Prosecutors Monday described accused serial murderer Lonnie Franklin Jr. as a coldblooded killer who enjoyed sexually assaulting his victims before killing them and dumping their bodies in South L.A. alleys and trash bins.
Deputy District Attorney Beth Silverman used her closing arguments in the case to describe the ten murders and one attempted murder the so-called "Grim Sleeper" is accused of committing in painstaking detail. The defense team is expected to conclude final statements Tuesday morning in court in Downtown L.A. before sending the case to the jury.
Monday, however, was mostly Silverman's time to speak, and her statements were a thorough recounting of the brutality and depravity heaped upon 11 South Los Angeles women.
Silverman showed gruesome crime scene photos and DNA evidence that link Franklin to each of the women he allegedly targeted – “all innocent, all brutally murdered.”
Defense attorney Seymour Armster, in the beginning of his closing statements, dismissed the DNA evidence. He called it “inferior technology,” noting the DNA of other men was found on the women as well.
The evidence, he said, is “circumstantial.”
Franklin often would pick up his victims along Western Avenue, luring them with drugs or promises of money in exchange for sex, according to Silverman. In each case he was fascinated with their breasts—his saliva was found on the chests of the ten women he is accused of killing, she said.
Franklin allegedly started killing in 1985, when South L.A. was in the midst of a crack cocaine epidemic that left many men and women on the street and desperate. In 1989, the murders took a 14-year-break, which inspired the killer's moniker.
Silverman said the evidence against Franklin, now 63-years-old, is overwhelming.
“Only his unique DNA profile is repeated from victim to victim to victim to victim. No one else,” Silverman told a courtroom full of victim’s friends and family and retired LAPD detectives who worked on the decades old case.
She also said bullets found in seven victims came from a gun found in Franklin’s home, and photos of each of the women and, ominously, dozens more, were found in his garage.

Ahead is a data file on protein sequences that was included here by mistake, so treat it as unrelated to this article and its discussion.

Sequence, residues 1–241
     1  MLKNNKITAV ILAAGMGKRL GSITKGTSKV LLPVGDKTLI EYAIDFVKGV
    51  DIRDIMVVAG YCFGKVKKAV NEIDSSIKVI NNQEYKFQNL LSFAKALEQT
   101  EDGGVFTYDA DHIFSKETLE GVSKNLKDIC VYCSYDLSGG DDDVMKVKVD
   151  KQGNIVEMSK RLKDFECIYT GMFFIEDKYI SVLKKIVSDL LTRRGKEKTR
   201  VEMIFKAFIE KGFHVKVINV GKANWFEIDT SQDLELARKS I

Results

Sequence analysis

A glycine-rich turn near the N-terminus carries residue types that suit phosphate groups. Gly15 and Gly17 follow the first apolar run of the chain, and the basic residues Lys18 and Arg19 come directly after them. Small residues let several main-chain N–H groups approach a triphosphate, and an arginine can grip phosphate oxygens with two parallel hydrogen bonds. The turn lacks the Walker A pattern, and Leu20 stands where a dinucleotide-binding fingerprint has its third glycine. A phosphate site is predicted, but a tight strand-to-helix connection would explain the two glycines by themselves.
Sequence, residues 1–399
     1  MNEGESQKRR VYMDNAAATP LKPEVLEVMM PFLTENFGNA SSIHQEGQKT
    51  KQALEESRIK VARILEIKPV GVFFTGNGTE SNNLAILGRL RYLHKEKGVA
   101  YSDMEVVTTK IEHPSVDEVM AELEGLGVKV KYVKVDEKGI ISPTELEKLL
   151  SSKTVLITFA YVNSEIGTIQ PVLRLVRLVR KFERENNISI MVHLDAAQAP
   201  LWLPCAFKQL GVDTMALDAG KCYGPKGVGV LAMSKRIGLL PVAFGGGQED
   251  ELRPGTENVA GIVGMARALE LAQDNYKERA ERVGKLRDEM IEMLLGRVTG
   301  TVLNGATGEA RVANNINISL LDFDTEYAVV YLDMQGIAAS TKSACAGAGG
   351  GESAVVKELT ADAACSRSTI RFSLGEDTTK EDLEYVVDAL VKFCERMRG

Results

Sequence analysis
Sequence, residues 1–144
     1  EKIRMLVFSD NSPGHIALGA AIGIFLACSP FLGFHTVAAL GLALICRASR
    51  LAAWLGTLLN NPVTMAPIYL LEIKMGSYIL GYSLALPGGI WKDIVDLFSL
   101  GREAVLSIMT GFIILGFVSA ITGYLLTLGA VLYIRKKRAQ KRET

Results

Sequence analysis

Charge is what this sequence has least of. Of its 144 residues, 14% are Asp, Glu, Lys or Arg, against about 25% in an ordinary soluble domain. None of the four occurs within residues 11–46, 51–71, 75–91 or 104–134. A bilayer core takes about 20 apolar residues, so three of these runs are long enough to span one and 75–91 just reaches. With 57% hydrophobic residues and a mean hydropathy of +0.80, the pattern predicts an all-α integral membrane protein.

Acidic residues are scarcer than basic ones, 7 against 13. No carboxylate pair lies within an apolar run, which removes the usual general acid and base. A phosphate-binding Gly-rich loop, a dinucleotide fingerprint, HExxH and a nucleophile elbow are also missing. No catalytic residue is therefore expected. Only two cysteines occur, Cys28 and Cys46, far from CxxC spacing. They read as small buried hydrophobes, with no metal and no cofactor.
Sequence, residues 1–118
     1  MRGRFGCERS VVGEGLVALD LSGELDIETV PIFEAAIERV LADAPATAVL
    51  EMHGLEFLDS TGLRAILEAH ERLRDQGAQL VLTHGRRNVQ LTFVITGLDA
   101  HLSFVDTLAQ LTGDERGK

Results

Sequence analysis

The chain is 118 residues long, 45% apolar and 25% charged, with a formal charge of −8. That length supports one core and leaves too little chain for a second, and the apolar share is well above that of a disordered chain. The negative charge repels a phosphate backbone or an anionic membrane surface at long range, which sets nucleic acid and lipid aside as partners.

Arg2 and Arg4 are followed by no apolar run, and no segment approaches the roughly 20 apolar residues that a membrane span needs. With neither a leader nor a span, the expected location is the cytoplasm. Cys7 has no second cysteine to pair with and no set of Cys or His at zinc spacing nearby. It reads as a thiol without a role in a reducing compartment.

But it was DNA that broke the case in 2010. Detectives ran DNA found at the crime scenes through a state database. The genetic profile of Franklin’s son, who was serving time in state prison, was a close match. Detectives started looking at his father.
They secretly collected Franklin’s DNA from a partially eaten piece of pizza he left on his plate at a restaurant.
Silverman described Franklin as lacking any empathy. When arrested by police and shown photos of his dead victims, he showed no surprise, she said.
“In fact he laughs,” joking how one of the women looks fat in the photo, Silverman said. “He shows a complete lack of empathy. This defendant is cold as ice.”
Armster, the defense attorney, however, dismissed the evidence against Franklin.
“You don’t have an eyewitness,” he said. “You don’t even know where the crimes occurred.”
There is enough reasonable doubt about the case against Franklin that the jury must acquit him, Armster said.
“He is entitled to a verdict of not guilty.”
As the two sides argued for a final time over the guilt of Franklin, Kenneitha Lowe watched quietly from one of the wooden benches in the courtroom. Her older sister Mary was killed in 1987—allegedly by Franklin.
Mary was 26 years old at the time. Keneitha was 20.
“It feels like its all coming back,” she said of the sadness and anger over the loss of her sister. She wants Franklin convicted, and sentenced to death.
“If he has us suffering all these years, he needs to suffer also,” she said. “And all of the victims – their spirits will be free at last.”